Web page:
By Nav Persaud
University of Toronto
and Andrew S. Boozary
University Health Network
Canadians are paying dearly for government inaction over the opioid crisis.
Purdue Pharma recently announced that it will stop advertising opioids to doctors in the United States after pleading guilty to misleading marketing more than a decade ago. This is a major, albeit belated, departure from the company’s playbook of marketing opioids aggressively to physicians. A recent U.S. Senate report excoriated Purdue Pharma and other opioid manufacturers for funding patient advocacy groups for years.
We have the same tragic opioid crisis in Canada – 3,000 deaths per year in this country compared to 30,000 in the United States – and trail only the U.S. when it comes to opioid prescribing rates. But unlike our neighbours, Canadian governments have not taken similar actions against Purdue Pharma.
Although the hundreds of millions of dollars in penalties paid in the U.S. aren’t trivial, they’re still a small fraction of Purdue Pharma’s profits from the opioid crisis. And many companies now sell the types of products that Purdue flogged at the start of the crisis. Drug manufacturers are sure to do the simple arithmetic: huge sales minus small penalties equals lucrative profits.
The math is even simpler in Canada. There are no government penalties here.
Health Canada regulates drug manufacturers but has never sanctioned Purdue Pharma. The federal Competition Bureau enforces the Competition Act, which prohibits false and misleading marketing, but it has shown no interest in the opioid crisis. The Patented Medicine Prices Review Board has also been silent on the issue.
Provincial governments continue to publicly fund high-dose opioid products made by Purdue Pharma and other companies. The Ontario government even awarded Purdue Pharma a $4.9-million grant in 2007, the same year the company pleaded guilty in the U.S. And in advance of Ontario’s leading push toward increasing transparency for drug company payments to prescribers, Purdue Pharma ended up disclosing $3 million in payments to health providers in Canada in 2016 alone.
The message sent by Canadian governments to Purdue Pharma and other drug makers is clear: we’re not prepared to hold you accountable for a crisis you helped manufacture. That message is surely received by other drug manufacturers as well.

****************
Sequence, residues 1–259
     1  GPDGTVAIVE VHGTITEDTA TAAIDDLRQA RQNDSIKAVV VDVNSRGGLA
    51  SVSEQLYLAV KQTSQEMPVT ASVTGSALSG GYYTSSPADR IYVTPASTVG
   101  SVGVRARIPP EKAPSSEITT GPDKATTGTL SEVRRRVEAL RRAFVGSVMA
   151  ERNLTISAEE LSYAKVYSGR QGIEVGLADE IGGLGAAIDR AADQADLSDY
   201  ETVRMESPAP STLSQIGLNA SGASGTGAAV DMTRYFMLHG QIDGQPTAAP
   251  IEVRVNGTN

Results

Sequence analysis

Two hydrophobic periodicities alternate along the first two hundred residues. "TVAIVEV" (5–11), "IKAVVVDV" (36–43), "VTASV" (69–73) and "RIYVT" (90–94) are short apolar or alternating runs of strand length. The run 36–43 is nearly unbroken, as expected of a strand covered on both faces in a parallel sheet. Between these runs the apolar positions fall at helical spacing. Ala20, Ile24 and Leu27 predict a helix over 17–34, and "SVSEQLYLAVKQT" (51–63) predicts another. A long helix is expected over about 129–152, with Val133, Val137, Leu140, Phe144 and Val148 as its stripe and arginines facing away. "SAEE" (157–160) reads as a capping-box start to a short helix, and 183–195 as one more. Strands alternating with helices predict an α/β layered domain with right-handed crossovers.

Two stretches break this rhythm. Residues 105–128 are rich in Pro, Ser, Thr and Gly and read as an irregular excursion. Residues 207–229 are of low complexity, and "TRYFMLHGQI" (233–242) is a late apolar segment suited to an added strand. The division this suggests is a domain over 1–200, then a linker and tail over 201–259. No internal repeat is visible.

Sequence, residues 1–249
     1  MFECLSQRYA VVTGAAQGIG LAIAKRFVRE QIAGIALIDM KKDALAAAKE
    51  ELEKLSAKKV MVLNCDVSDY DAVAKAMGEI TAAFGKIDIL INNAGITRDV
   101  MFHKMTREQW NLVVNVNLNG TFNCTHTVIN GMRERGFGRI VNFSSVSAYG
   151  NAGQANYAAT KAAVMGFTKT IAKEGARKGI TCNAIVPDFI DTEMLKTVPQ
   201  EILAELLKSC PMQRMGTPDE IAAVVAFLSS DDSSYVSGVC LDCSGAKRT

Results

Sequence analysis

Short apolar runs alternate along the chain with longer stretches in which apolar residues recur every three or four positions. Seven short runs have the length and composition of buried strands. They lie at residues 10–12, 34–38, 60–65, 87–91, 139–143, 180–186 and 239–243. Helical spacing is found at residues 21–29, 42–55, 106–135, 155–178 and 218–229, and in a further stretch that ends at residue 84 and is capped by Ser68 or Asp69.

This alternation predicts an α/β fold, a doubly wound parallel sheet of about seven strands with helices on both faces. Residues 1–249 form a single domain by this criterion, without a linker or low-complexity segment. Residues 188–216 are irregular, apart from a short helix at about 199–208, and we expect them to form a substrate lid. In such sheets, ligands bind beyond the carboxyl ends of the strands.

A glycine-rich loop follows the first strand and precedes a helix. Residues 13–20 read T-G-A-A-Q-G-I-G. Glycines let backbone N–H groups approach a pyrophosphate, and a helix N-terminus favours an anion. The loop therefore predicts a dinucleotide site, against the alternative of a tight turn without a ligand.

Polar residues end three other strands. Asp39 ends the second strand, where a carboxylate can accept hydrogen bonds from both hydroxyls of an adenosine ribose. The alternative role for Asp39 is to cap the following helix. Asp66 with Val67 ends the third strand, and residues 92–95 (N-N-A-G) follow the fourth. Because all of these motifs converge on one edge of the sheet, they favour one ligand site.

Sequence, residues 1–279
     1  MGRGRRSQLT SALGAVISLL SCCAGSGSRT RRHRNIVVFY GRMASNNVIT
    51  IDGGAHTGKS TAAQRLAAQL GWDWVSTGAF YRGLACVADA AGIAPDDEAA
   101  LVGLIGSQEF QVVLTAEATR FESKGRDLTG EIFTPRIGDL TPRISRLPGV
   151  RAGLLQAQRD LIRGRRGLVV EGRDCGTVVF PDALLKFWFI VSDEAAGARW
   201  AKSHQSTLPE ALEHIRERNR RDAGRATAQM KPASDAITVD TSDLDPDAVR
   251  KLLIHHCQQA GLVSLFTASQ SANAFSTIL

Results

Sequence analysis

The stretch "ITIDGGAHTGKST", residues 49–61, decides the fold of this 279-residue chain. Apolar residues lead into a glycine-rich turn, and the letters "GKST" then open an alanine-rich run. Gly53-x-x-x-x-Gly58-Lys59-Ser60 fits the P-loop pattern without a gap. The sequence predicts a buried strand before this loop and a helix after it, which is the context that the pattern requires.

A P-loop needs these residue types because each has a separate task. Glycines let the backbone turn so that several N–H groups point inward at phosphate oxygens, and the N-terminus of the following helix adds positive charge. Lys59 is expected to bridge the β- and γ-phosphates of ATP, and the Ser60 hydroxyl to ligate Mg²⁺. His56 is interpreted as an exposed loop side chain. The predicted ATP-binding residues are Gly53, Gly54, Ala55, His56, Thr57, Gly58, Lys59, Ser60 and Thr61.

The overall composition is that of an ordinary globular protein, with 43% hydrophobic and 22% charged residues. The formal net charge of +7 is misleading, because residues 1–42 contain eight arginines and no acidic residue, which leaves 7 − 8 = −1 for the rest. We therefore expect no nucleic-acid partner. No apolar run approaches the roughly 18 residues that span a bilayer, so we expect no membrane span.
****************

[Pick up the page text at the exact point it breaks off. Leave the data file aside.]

To be sure, this is an extreme example of a company that has already pleaded guilty in another country. If Canadian governments can’t muster the strength to respond in this case, with hundreds of deaths each month attributed to opioids, will they ever prosecute self-admitted misbehaviour by a pharmaceutical company?
The settlement in the 2017 Canadian class-action lawsuit against Purdue Pharma shows why Canadian governments must act quickly. The people harmed by the opioid crisis decided to accept a small settlement rather than try to take on a behemoth in the courtroom. That makes perfect sense.
Stunningly, Canadian governments left those harmed by the crisis to fend for themselves and agreed to a settlement of just $2 million in total for all of the harms associated with the opioid crisis. Both Purdue Pharma’s revenues and the toll of the opioid crisis in Canada are measured in the billions.
A criminal investigation should be launched into the marketing of opioid products in Canada, as the Ontario minister of Health has openly recommended.
Purdue Pharma may decide not to risk an open airing of the evidence and instead plead guilty, as it did in the U.S. But even an unsuccessful prosecution will remind Purdue Pharma and other opioid manufacturers that there are laws in this country, too, and it will provide at least a semblance of justice.
In the meantime, both the marketing to physicians that Purdue Pharma voluntarily stopped in the U.S. and the funding of advocacy groups must also be halted in Canada.
Too many lives have already been lost. As Canadian communities continue to feel the brunt of the opioid crisis, it’s well past time that Canadian governments finally stand up to Purdue Pharma.
Nav Persaud is a family physician and an assistant professor at the University of Toronto. Andrew S. Boozary is Executive Director, Health and Social Policy at the University Health Network and visiting scientist at the Harvard T.H. Chan School of Public Health.